1.     Ideological kidnapping where a pastor or leader insists all members of his/her following prescribe to a specific way of thinking or behaving that is “extra-scriptural” – that is, while perhaps not detrimental to one’s life (although it often is – be it psychologically or emotionally or physically), it is certainly not a requirement made by the Word of God.  And if one does not go along with his/her request, he/she is ex-communicated from the body (reverse kidnapping) or held prisoner (in one form or another).  Some examples that come to mind include: what constitutes true repentance and forgiveness from God (demanding a person go through a man-ordained process vs. dealing with God); not trusting in medicine or science for medical treatment; or not breaking bread or having fellowship with certain people/groups/etc.
2.     Financial kidnapping where a pastor or leader convinces all of his/her flock to become sacrificially committed (to the point of living in poverty or not being able to provide for their families) to one of his/her projects and actually causing people to feel guilty if they are not “all in”.  All the time, this same leader may be living comfortably and even extravagantly.  Another example here may be demanding that a person tithe strictly to the leader’s church and nowhere else.
3.     Influential kidnapping where one Christian leader who is a superior in a church or an organization goes on a campaign against others and in the process influences younger leaders or workers under their care to join him/her when in reality the problem is not between the younger workers and those whom the more senior worker is fighting.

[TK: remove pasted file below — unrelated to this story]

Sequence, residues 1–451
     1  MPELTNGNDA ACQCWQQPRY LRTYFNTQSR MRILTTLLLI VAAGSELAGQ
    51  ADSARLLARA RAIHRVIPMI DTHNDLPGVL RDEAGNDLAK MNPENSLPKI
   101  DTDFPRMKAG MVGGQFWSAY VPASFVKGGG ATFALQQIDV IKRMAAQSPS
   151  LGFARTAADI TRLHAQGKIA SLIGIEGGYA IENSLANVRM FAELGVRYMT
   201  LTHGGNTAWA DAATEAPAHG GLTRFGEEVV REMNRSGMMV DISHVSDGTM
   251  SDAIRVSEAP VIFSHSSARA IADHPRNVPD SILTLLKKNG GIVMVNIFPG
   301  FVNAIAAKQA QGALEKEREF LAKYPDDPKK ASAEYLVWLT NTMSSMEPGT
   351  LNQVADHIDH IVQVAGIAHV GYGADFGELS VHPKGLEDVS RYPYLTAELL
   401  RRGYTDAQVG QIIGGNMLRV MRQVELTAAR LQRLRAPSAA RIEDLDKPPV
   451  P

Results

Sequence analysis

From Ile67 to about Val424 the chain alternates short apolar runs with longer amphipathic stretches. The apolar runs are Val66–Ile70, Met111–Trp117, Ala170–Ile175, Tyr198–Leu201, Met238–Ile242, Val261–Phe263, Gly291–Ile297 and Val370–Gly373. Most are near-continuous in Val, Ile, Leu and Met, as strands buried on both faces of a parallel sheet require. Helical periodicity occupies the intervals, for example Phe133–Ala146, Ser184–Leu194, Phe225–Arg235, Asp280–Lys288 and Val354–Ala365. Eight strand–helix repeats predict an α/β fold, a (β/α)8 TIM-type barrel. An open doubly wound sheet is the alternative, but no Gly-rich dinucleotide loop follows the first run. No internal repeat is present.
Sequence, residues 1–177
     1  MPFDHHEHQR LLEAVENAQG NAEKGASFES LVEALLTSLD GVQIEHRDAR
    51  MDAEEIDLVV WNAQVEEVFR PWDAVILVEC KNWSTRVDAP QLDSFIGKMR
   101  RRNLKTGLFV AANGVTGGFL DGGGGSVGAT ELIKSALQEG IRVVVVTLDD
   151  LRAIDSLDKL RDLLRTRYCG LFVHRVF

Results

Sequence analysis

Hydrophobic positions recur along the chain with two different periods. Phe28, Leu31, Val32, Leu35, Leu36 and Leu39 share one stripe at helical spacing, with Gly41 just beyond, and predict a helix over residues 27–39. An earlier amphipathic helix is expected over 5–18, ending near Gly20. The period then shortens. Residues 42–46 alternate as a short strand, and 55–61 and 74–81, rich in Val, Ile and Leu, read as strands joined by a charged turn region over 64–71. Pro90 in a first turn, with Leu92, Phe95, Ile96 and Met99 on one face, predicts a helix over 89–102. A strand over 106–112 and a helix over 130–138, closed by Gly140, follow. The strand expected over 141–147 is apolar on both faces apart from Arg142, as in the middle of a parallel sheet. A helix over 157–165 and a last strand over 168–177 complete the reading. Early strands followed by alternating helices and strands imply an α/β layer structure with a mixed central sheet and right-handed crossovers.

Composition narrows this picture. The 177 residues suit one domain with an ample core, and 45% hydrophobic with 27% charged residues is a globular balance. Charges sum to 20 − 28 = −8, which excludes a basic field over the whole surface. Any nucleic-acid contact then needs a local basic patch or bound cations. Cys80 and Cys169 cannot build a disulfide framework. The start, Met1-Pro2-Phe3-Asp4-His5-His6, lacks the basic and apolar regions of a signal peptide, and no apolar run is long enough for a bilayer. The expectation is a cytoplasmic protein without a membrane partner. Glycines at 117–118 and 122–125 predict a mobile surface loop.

In all of these examples, people get hurt, the name of Jesus is tarnished, and the work of the church or the organization is set back or completely destroyed some times.  In all cases, the Enemy sneers and rubs his hands with glee.
Woe to those Christian pastors and leaders who kidnap their sheep.  Woe to a husband or wife who kidnaps their spouse.  Woe to a parent who kidnaps his/her children.  Any form of kidnapping is something God hates or He never would have established this ordinance.
We can and must extend forgiveness to another person.  But only God can and does extend forgiveness to both the person and the sin.

[Are you looking for a speaker at your church, your club, school, or organization? Ken is available to preach, teach, challenge, and/or motivate. Please contact us.]